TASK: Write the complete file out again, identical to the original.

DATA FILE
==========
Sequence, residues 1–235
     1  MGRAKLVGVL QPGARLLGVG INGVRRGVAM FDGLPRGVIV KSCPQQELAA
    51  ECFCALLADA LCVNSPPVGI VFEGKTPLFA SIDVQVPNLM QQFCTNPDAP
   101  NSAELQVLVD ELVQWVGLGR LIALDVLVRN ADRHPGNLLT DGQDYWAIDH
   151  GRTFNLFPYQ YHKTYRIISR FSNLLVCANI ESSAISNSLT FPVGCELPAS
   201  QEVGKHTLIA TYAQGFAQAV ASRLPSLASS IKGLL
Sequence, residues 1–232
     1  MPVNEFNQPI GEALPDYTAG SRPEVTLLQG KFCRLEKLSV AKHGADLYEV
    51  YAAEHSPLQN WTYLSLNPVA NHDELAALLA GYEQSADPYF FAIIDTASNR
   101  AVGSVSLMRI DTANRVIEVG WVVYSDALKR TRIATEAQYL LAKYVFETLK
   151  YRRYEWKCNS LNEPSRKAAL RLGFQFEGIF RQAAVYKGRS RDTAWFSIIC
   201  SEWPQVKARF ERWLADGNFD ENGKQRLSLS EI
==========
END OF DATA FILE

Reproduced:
Sequence, residues 1–235
     1  MGRAKLVGVL QPGARLLGVG INGVRRGVAM FDGLPRGVIV KSCPQQELAA
    51  ECFCALLADA LCVNSPPVGI VFEGKTPLFA SIDVQVPNLM QQFCTNPDAP
   101  NSAELQVLVD ELVQWVGLGR LIALDVLVRN ADRHPGNLLT DGQDYWAIDH
   151  GRTFNLFPYQ YHKTYRIISR FSNLLVCANI ESSAISNSLT FPVGCELPAS
   201  QEVGKHTLIA TYAQGFAQAV ASRLPSLASS IKGLL
Sequence, residues 1–232
     1  MPVNEFNQPI GEALPDYTAG SRPEVTLLQG KFCRLEKLSV AKHGADLYEV
    51  YAAEHSPLQN WTYLSLNPVA NHDELAALLA GYEQSADPYF FAIIDTASNR
   101  AVGSVSLMRI DTANRVIEVG WVVYSDALKR TRIATEAQYL LAKYVFETLK
   151  YRRYEWKCNS LNEPSRKAAL RLGFQFEGIF RQAAVYKGRS RDTAWFSIIC
   201  SEWPQVKARF ERWLADGNFD ENGKQRLSLS EI